Easter blessings from UCAN
There is no more important week in the year for Christians than this Holy Week. We call it Holy because of the mystery we celebrate - God's gift of His son who loves us to his death on Calvary and beyond.
Because of that love, we wish each other Happy Easter even when we know there is a lot of tragedy about it - Good Friday. As Christians, we know that what we see happening with and in Jesus goes to the heart of what we know from our own experience of life.
At the Second Vatican Council, the Christian lives we all lead were described as being shares in the Paschal Mystery. We have our share in the death and resurrection of Jesus every day. Our lives are part of the Paschal Mystery.
At UCAN, we work to describe that mystery in the unfolding tragedies and astonishing blessings of the people we seek out and report, feature and comment on.
While at times deeply distressing work, this effort of ours gets its coherence in the same way the death of Jesus did - because of the astonishing grace of a God who never gives up on life and love.
Because of that, we can wish you Happy Easter.
Fr. Michael Kelly SJ
Masked men attack protesters with tasers
Authorities accused of standing by and allowing the attackA tribal woman weeps after masked men attacked protesters in Bukidnon province. (Photo courtesy of RMP)
- ucanews.com reporter, Manila
- September 4, 2012
About 100 people, including 47 lumads -Â indigenous people - from Dao village, were protesting against the governmentâ€™s "lack of action," when a group arrived on motorcycles, randomly tasered people in the crowd, destroyed the sound system and took banners and signs, witnesses said.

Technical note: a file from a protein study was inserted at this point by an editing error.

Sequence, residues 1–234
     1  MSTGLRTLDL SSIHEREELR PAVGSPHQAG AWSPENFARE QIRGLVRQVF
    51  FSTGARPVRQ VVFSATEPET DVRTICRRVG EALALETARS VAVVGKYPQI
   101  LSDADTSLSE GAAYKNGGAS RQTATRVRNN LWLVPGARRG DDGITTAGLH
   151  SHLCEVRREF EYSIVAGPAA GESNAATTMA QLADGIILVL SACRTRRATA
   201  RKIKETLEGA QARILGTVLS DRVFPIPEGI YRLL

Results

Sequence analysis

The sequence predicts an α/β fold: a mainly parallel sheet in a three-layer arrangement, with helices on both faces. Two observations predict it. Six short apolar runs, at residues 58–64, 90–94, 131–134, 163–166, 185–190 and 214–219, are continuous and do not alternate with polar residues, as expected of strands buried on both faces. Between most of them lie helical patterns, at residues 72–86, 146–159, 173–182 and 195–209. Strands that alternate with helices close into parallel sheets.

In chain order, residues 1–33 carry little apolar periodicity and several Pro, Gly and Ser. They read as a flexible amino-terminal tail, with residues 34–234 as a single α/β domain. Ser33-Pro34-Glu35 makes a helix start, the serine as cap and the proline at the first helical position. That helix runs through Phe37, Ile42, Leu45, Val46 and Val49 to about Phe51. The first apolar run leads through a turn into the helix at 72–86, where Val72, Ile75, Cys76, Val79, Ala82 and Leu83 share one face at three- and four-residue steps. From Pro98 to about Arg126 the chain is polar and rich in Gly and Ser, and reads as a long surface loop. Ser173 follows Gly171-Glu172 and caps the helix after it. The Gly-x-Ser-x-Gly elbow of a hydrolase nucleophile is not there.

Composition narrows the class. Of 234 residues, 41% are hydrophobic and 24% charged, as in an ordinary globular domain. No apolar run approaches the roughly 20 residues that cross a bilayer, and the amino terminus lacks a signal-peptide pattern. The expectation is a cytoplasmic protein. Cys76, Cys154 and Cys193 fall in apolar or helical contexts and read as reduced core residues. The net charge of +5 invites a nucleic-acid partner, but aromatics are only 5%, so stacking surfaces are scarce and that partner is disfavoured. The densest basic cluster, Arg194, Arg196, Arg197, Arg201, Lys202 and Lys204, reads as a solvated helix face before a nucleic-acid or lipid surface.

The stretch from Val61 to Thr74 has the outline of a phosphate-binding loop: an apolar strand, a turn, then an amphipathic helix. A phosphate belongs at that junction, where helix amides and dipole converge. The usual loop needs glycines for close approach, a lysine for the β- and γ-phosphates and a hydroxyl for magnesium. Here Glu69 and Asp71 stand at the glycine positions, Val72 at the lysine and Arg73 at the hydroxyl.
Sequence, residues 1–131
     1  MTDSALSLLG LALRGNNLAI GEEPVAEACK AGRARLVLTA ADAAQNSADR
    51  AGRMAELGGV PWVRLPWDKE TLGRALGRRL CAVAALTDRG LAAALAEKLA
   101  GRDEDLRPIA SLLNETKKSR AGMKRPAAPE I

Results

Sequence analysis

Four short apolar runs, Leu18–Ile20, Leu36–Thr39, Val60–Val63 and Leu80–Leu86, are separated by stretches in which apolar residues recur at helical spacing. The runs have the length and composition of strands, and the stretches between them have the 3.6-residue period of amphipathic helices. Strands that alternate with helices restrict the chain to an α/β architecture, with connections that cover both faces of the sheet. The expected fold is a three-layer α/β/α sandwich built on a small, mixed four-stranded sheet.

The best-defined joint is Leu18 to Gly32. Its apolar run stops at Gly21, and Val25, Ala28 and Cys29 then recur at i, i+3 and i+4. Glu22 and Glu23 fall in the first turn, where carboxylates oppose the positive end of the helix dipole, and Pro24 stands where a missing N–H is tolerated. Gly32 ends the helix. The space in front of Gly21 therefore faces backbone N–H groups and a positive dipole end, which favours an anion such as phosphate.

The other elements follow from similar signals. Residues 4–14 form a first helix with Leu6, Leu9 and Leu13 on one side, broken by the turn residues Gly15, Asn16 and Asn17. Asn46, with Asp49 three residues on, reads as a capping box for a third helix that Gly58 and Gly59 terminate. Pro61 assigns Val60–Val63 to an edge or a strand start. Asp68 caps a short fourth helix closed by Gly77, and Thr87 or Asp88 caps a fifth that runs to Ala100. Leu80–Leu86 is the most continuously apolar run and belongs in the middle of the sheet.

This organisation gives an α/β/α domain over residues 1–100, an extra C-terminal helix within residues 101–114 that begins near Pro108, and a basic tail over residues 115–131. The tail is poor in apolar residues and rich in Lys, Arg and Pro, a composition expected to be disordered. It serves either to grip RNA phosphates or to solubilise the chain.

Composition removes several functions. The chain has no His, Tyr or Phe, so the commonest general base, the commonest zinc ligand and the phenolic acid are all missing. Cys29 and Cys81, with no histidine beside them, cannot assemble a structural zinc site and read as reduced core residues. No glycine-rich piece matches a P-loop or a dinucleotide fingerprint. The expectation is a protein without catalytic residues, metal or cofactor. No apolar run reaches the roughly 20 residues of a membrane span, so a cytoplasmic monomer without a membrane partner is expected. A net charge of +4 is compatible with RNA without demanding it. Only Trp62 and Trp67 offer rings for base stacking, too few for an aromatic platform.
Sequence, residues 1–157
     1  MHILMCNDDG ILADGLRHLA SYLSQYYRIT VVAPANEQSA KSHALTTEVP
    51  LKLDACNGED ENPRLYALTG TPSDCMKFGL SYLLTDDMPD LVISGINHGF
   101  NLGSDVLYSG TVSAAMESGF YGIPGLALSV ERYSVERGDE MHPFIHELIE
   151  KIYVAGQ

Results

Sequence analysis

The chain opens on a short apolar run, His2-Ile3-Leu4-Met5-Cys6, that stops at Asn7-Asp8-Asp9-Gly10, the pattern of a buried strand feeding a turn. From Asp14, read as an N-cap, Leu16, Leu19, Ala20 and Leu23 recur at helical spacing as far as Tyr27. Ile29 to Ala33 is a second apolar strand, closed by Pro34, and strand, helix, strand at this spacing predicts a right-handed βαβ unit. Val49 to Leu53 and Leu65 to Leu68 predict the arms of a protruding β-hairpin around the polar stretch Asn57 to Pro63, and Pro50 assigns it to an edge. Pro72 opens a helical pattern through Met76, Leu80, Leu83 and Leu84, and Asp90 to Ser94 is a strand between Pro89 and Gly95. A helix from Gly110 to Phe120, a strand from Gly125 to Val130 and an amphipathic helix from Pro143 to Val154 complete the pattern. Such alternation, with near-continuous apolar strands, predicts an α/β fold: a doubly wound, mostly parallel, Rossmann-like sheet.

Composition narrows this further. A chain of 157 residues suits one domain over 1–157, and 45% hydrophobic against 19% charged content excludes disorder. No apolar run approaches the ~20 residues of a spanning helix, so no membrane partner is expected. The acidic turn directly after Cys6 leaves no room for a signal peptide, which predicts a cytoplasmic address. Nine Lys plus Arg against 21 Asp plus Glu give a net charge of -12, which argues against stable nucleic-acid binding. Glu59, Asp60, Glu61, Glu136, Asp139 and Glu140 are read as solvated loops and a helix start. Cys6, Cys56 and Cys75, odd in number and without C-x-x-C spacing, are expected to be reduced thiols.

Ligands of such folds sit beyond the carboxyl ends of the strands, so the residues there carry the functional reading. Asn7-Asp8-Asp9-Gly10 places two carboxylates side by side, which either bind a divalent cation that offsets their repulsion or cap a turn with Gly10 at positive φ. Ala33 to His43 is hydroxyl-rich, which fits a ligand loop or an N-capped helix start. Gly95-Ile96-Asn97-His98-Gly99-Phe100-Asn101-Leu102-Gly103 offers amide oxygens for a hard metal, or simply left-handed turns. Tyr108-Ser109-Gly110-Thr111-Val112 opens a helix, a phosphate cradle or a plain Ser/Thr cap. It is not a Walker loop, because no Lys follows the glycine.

"The military and the police were in the area but did nothing," the Rural Missionaries of the Philippines (RMP), an organization of religious, priests and lay people who live and work in tribal communities, said in a private Facebook message.
The displaced lumads, mostly belonging to the Tigwahanon tribe, sought refuge in the city last Thursday, claiming about 20 armed men raided their village, stealing money and gold. This was the latest in a series of attacks since the killing of village leader Jimmy Liguyon in March this year.
The villagers attribute the attacks to the New Indigenous Peoplesâ€™ Army Reform, a local armed militia that wants to control the area and may be backed by mining interests.
The RMP says the militia group has repeatedly tried to force villagers to sign a paper that would allow major mining and plantation activities in the 52,000-hectare territory, which is currently controlled byÂ indigenous people.
The recent raid on the village was due to the people's refusal to allow big business interests in the area, said tribal leader Datu Nilo Cabungcol.
Datu Jomorito Guaynon, head of a federation of lumad organizations in the region, said they are dismayed at the governmentâ€™s "apathetic attitudeâ€ť to attacks on tribal communities.
"We are so tired of saying that government forces are useless at solving conflicts in the remote areas of Bukidnon," he said.
The villagers intend to stay in the provincial capital until the government looks into the situation.
The RMP today called on human rights groups to form a fact-finding mission on human rights violations in the province.
"Much has been done, all legal venues have been exhausted. The provincial government is insensitive to the pleas of indigenous communities," the group said in their post on Facebook.
Land reform activist killed in Bukidnon